2015 XA379

Feb 7

8.1 LD

34 m

2013 VA10

Feb 7

8.5 LD

165 m

2014 QD364

Feb 7

14 LD

16 m

2014 EK24

Feb 14

13.8 LD

94 m

2010 LJ14

Feb 16

68.5 LD

1.2 km

1999 YK5

Feb 19

51.7 LD

2.0 km

2010 WD1

Feb 22

12.3 LD

22 m

1991 CS

Feb 23

65.5 LD

1.4 km

Notes: LD means "Lunar Distance." 1 LD = 384,401 km, the distance between Earth and the Moon. 1 LD also equals 0.00256 AU. MAG is the visual magnitude of the asteroid on the date of closest approach.

 Cosmic Rays in the Atmosphere

Situation Report -- Oct. 30, 2015Stratospheric Radiation (+37o N)

Cosmic ray levels are elevated(+6.1% above the Space Age median). The trend is flat. Cosmic ray levels have increased +0% in the past month.

Sept. 06: 4.14 uSv/hr (414 uRad/hr)

Sept. 12: 4.09 uSv/hr (409 uRad/hr)

Sept. 23: 4.12 uSv/hr (412 uRad/hr)

Sept. 25: 4.16 uSv/hr (416 uRad/hr)

Sept. 27: 4.13 uSv/hr (413 uRad/hr)

Oct. 11: 4.02 uSv/hr (402 uRad/hr)

Oct. 22: 4.11 uSv/hr (411 uRad/hr)

These measurements are based on regular space weather balloon flights: learn more.

Approximately once a week, and the students of Earth to Sky Calculus fly "space weather balloons" to the stratosphere over California. These balloons are equipped with radiation sensors that detect cosmic rays, a surprisingly "down to Earth" form of space weather. Cosmic rays can seed cloudstrigger lightning, and penetrate commercial airplanes. Our measurements show that someone flying back and forth across the continental USA, just once, can absorb as much ionizing radiation as 2 to 5 dental X-rays. Here is the data from our latest flight, Oct. 22nd:

Radiation levels peak at the entrance to the stratosphere in a broad region called the "Pfotzer Maximum." This peak is named after physicist George Pfotzer who discovered it using balloons and Geiger tubes in the 1930s. Radiation levels there are more than 80x sea level.

Note that the bottom of the Pfotzer Maximim is near 55,000 ft. This means that some high-flying aircraft are not far from the zone of maximum radiation. Indeed, according to the Oct 22th measurements, a plane flying at 45,000 feet is exposed to 2.79 uSv/hr. At that rate, a passenger would absorb about one dental X-ray's worth of radiation in about 5 hours.

The radiation sensors onboard our helium balloons detect X-rays and gamma-rays in the energy range 10 keV to 20 MeV. These energies span the range of medical X-ray machines and airport security scanners.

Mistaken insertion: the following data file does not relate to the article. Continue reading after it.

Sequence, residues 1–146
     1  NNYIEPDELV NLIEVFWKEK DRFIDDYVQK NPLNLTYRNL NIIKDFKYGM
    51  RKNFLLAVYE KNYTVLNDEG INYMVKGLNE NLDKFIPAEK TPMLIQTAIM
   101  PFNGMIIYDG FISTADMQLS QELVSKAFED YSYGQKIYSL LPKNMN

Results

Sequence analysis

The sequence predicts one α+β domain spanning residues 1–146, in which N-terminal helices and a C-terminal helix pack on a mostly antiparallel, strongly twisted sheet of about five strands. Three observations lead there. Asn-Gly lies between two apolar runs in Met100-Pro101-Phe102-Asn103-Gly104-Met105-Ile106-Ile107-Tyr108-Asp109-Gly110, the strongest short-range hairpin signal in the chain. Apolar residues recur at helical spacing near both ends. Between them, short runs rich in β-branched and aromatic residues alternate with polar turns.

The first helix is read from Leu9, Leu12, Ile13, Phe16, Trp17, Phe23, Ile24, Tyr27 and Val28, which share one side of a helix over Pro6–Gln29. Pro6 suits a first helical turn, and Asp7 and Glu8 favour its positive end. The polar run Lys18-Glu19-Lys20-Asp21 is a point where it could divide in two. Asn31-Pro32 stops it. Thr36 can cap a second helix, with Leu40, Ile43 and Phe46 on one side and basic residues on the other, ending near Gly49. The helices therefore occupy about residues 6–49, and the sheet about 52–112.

Current Conditions

Solar wind
speed: 475.0 km/sec
density: 3.1 protons/cm3

explanation | more data
Updated: Today at 1229 UTX-ray Solar Flares
6-hr max: B5 
1200 UT Jan03 
24-hr: B5 1200 UT Jan03 
explanation | more data
Updated: Today at: 1200 UTDaily Sun: 03 Jan 16Sunspot AR2473 exploded again on Jan. 1st, producing an M2-class solar flare Credit: SDO/HMI

Sunspot number: 52 
What is the sunspot number?
Updated 03 Jan 2016

Spotless Days
Current Stretch: 0 days
2016 total: 0 days (0%) 
2015 total: 0 days (0%) 

2014 total: 1 day (<1%)
2013 total: 0 days (0%)
2012 total: 0 days (0%)
2011 total: 2 days (<1%)
2010 total: 51 days (14%)
2009 total: 260 days (71%)

Updated 03 Jan 2016

The Radio Sun
10.7 cm flux: 100 sfu

explanation | more data
Updated 03 Jan 2016

Current Auroral Oval:

Switch to: Europe, USA, New Zealand, Antarctica
Credit: NOAA/OvationPlanetary K-index
Now: Kp= 1 quiet
24-hr max: Kp= 2 
explanation | more data
Interplanetary Mag. Field
Btotal: 5.6 nT
Bz: 1.2 nT south 

explanation | more data
Updated: Today at 1230 UTCoronal Holes: 03 Jan 16 
Solar wind flowing from the indicated coronal hole could reach Earth on Jan. 6-7. Credit: SDO/AIA.Noctilucent Clouds The southern season for noctilucent clouds began on Dec. 13, 2015. The coverage of NLCs over Antarctica is rapidly multiplying as 2016 approaches.

Switch view: Ross Ice Shelf, Antarctic Peninsula, East Antarctica, PolarUpdated at: 01-02-2016 16:55:03

NOAA Forecasts

Updated at: 2016 Jan 02 2200 UTC


0-24 hr

24-48 hr


40 %

05 %


10 %

01 %

Geomagnetic Storms:
Probabilities for significant disturbances in Earth's magnetic field are given for three activity levels: activeminor stormsevere stormUpdated at: 2016 Jan 02 2200 UTCMid-latitudes

0-24 hr

24-48 hr


35 %

30 %


35 %

10 %


20 %

01 %

High latitudes

0-24 hr

24-48 hr


05 %

15 %


20 %

30 %


75 %

40 %